There’s no need to select only one method from this list. Many mortgage-holders can choose a few options on this list and combine them to pay off their loan even earlier.

Let’s say you apply an extra $200 each month as well as your $3,000 tax refund every April. Your 30-year mortgage is paid off early in about 18 years.

To calculate your own scenarios to pay off your mortgage early, check out Financial Mentor’s mortgage calculators and play with your numbers.

Are you paying off your mortgage early? Let us know in the comments what your strategy is.

Published or Updated: April 16, 2014
About Jeffrey Trull

Jeffrey Trull is a freelance writer and blogger with a passion for helping others
pay down debt, save money, and spend on what they love. His work has
been featured on Money Talks News, MSN Money, and MainStreet.

Comments

  1. Jeremy R says:

    I follow this method. When I have extra money, I put it towards my mortgage. I’ve successfully eliminated most of my other debts. A house mortgage can take a lot of money from your pocket over the years.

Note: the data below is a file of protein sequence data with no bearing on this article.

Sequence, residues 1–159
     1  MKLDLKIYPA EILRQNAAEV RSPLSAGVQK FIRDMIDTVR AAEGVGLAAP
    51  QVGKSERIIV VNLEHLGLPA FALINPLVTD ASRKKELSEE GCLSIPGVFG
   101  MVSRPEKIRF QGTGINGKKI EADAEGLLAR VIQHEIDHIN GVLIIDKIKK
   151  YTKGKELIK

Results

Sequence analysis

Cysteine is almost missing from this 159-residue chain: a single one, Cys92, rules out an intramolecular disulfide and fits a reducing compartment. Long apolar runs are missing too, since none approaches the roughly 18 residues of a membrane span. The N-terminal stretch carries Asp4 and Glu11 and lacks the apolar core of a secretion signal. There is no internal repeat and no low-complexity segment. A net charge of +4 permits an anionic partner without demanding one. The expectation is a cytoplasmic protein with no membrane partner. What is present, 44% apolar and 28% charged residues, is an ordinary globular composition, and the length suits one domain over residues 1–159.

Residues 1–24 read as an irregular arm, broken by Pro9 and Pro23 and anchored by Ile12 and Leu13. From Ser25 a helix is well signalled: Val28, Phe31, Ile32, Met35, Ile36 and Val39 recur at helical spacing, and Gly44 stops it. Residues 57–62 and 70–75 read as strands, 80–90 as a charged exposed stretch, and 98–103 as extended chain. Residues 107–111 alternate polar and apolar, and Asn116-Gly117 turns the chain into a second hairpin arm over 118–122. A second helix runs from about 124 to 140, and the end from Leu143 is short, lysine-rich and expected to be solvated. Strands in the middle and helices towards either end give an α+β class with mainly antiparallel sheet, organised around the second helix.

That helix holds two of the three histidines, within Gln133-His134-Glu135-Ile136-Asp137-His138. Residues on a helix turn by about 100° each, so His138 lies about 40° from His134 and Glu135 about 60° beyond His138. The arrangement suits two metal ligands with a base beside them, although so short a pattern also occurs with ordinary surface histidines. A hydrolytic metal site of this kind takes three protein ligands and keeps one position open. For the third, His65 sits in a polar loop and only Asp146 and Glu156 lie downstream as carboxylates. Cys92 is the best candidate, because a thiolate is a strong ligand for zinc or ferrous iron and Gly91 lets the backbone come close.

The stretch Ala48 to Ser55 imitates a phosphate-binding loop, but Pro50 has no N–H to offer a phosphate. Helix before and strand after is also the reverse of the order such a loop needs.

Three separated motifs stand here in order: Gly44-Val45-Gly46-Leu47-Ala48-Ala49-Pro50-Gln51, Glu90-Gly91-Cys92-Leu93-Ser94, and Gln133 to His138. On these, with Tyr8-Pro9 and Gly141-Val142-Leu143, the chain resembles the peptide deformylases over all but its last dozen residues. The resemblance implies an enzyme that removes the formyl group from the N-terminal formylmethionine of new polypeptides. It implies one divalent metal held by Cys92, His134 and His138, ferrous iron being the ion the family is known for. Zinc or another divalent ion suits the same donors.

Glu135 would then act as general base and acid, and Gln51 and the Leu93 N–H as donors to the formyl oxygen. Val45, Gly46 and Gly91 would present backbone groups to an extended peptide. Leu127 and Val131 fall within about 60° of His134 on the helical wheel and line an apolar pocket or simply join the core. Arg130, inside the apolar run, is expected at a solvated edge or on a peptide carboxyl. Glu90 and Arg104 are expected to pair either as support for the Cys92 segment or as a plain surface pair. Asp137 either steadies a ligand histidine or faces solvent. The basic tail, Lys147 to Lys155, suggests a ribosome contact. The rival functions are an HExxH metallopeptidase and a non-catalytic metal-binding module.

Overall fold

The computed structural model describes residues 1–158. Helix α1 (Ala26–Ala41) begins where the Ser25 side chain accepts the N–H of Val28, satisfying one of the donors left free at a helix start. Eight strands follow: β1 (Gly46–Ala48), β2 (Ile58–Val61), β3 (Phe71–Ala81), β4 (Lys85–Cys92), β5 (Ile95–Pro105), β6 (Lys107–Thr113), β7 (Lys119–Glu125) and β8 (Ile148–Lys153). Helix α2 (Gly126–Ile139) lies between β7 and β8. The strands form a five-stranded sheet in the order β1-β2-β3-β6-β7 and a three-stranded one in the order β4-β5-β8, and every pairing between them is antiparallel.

• Jeffrey Trull says:

      Simple and easy way to do it. Thanks, Jeremy!

  2. Great tips, especially I like the one of making bi-weekly payments. It’s really helpful and it does not feel like you are using extra money to do that.

    • Jeffrey Trull says:

      I agree, and doing things bi-weekly can help a lot more ways when it comes to your money, too.

  3. Thank you Jeffrey, these are eight great ways to pay off mortgage early.
    I wonder if you think an automatic savings program which would put money directly to paying off mortgage – or at least save up money toward additional monthly payments – would be an interesting way?

    • Jeffrey Trull says:

      Sure, I definitely think that could help, too, although if you have the money on hand to pay extra, you could just do it immediately rather than put it into savings.